Bessie Coleman

Bessie Coleman license
June 15, 1921
Bessie Coleman Earns Her Pilot's License

Bessie Coleman was the first African American woman to earn a pilot's license. 

In the 1920s, getting a pilot's license as a Black woman in the United States was impossible; so Coleman moved to France to get her flying certification.  On June 15, 1921, Coleman achieved her goal—making history as the first African American woman to earn a pilot's license.

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After earning her license, Coleman returned to Chicago and got a job as a barnstorming pilot, performing stunts at aviation shows. “Barnstorming” was a popular style of flying throughout the 1920s. Barnstormers flew figure eights and loops in the air, daringly turning their airplanes upside down, even letting people walk onto the wings of their airplanes while in flight. In an era of intense racial prejudice and Jim Crow laws, Coleman would only perform in exhibition shows if the crowds were desegregated.

More about Barnstorming through Barriers
A newspaper front page reading "Bessie Coleman, Aviatrix, Killed."
April 30, 1926
Tragedy Strikes

On April 30, 1926, Coleman and her mechanic went up for a practice flight before an upcoming performance. Wills piloted the plane as Coleman surveyed the ground for a suitable parachute landing site. To do so she did not buckle her seat belt. Soon tragedy struck. Cruising at 3,500 feet, the biplane accelerated and then suddenly went into a nosedive, tailspin and flipped over. Coleman was thrown from the aircraft and plunged to her death. Wills crashed with the plane and was also killed.  

Coleman was deeply mourned in the African American community. Coleman’s body lay in state in both Florida, where she died, and Chicago, her adopted hometown. Ceremonies in her memory were attended by thousands and at the funeral in Chicago, her eulogy was delivered by none other than Ida B. Wells, renowned activist and journalist.  

More Stories You May Not Know About Coleman
Several people, men and women, some in flying gear, smile at the camera.
Her Continuing Legacy

While Coleman did not achieve her dream of opening a flying school, her brief career inspired many others to pursue their dreams. Pictured is the Bessie Coleman Aero Club, organized by William J. Powell (far right), a successful owner of several automobile service stations in Chicago, to promote aviation awareness in the black community. Both men and women were welcome to apply.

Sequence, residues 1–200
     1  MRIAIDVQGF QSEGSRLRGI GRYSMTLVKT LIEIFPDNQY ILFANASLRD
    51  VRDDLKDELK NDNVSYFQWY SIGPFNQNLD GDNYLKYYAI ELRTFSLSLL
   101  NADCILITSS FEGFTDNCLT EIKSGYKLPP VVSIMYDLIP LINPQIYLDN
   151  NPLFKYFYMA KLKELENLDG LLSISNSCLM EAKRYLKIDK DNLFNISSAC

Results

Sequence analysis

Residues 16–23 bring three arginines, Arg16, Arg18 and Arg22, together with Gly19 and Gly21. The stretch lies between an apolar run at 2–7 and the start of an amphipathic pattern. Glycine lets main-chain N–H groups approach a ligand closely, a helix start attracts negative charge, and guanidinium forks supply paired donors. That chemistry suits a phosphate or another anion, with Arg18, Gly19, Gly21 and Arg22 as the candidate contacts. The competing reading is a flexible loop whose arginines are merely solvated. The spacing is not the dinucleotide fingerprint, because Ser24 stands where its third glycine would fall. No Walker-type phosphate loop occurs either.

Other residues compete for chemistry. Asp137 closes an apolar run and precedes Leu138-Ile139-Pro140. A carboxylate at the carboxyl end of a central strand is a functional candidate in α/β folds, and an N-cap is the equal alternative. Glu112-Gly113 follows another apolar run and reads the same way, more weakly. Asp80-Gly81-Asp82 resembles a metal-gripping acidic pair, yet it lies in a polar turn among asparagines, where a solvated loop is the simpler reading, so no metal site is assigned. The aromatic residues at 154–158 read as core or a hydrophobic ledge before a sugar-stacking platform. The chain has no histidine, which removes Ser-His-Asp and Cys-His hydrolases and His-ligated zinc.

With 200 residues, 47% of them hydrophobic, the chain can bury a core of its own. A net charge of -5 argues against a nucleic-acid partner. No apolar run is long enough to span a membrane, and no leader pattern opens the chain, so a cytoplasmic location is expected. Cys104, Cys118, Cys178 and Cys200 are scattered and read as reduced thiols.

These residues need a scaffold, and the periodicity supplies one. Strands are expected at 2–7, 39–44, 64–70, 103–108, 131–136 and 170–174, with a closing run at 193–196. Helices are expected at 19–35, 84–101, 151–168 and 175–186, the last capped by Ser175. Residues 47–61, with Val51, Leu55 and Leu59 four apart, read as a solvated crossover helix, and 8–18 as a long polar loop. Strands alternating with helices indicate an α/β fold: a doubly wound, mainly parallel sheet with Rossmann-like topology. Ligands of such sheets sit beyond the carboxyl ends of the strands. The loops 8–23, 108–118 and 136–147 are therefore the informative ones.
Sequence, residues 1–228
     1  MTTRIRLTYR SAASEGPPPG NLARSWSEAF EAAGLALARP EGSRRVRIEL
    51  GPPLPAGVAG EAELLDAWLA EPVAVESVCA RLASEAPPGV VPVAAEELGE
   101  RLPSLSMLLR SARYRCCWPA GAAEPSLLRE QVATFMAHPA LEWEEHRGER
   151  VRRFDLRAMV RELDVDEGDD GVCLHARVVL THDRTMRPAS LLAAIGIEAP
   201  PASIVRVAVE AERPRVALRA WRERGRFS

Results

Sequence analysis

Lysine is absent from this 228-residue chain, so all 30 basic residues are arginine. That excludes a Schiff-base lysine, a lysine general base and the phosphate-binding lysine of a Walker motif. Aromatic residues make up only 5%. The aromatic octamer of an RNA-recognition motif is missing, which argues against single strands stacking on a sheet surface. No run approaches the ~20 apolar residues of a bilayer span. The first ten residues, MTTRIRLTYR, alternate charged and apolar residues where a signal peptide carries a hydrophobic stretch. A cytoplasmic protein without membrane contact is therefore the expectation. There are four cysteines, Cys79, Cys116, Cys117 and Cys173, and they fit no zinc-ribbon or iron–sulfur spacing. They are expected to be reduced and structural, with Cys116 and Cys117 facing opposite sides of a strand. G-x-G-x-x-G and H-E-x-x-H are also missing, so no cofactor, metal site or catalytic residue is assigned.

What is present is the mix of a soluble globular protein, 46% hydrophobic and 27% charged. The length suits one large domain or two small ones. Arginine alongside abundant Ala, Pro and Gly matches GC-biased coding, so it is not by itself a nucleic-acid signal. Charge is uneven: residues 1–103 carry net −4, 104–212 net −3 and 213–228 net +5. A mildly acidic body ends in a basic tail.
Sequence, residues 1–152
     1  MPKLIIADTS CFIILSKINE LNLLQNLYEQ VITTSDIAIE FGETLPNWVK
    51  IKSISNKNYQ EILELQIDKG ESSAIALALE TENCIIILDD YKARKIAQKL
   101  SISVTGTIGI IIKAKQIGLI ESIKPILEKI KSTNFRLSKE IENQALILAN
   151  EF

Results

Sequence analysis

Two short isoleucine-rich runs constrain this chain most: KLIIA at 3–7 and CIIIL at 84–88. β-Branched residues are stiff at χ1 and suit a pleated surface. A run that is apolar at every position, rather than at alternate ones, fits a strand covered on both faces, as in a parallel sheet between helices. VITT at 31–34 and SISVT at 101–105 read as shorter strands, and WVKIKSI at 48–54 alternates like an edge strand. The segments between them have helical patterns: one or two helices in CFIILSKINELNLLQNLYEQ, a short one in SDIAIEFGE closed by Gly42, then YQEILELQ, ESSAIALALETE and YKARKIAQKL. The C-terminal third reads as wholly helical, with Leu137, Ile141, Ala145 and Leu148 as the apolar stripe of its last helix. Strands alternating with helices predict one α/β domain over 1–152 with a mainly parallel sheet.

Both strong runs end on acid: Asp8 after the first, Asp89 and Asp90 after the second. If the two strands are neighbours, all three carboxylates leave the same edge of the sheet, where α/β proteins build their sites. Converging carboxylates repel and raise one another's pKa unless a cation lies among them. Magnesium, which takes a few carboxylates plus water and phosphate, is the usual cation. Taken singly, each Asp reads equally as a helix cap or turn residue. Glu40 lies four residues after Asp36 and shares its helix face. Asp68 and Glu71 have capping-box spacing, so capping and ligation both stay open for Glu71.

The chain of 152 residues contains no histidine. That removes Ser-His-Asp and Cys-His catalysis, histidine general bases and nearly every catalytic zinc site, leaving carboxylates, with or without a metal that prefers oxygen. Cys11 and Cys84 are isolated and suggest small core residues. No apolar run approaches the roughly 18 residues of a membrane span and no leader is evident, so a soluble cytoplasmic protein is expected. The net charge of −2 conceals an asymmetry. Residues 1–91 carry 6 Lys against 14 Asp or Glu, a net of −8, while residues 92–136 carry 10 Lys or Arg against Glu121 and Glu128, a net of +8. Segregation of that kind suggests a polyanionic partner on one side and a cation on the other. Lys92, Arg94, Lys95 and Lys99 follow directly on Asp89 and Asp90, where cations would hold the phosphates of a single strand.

More About Coleman's Life and Legacy

Related Resources


For Early Learners

Join museum educator Ann Caspari will read an original story about the pioneering pilot Bessie Coleman, with sketches by museum educator Diane Kidd. After the story, Ann will lead us in a craft activity to make biplane models using paper towel tubes, paper, and tape.

This Learning Lab will provide you educational resource to take your Flights of Fancy experience to the next level, exploring air and space history with the young learners in your life. 

A brief poem about history making pilot Bessie Coleman, from author Reeve Lindbergh. 

Reeve Lindbergh, daughter of Charles and Anne Lindbergh, discusses her children's book about another trailblazing aviator: Bessie Coleman.

For All Ages

Get an introduction to Bessie Coleman's life, from making history by earning her pilots license to her untimely death, and meet other history-making women pilots.

This five-minute clip from a Smithsonian Channel documentary delves into Bessie Coleman's life, flights, and legacy. 

Curator Russ Lee answered your questions about Bessie Coleman in this 15 minute video

Online Exhibitions


Amelia Earhart's Lockheed Vega
Women in Aviation and Aerospace Self Guided Expedition

This self-guided expedition will explore several women in aviation and aerospace through their own life stories and our artifacts. Using the aircraft and spacecraft at the Smithsonian National Air and Space Museum, Steven F. Udvar-Hazy Center, and our digital collection, we will present women, their place in history and their impact in aviation and aerospace.

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Women in Aviation and Space Family Day
Women in Aviation and Aerospace Virtual Breakout Room Challenge

Step back in time and learn about the history of women in aviation through their own life stories.  From the first woman to earn her pilot’s license to the programmers who made the trip to the Moon possible, we celebrate the women of the past and look toward what will be achieved in the future.

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For Educators

Bessie Coleman
Bessie Coleman Weekly Learning Guide

This weekly learning guide includes videos, activities, and more resources to discuss pioneering aviator Bessie Coleman in your classroom. 

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Several people, men and women, some in flying gear, smile at the camera.
Conversation Kit

Sudents will explore Bessie Coleman's legacy, her commitment to her community, and how they can support change in their community.

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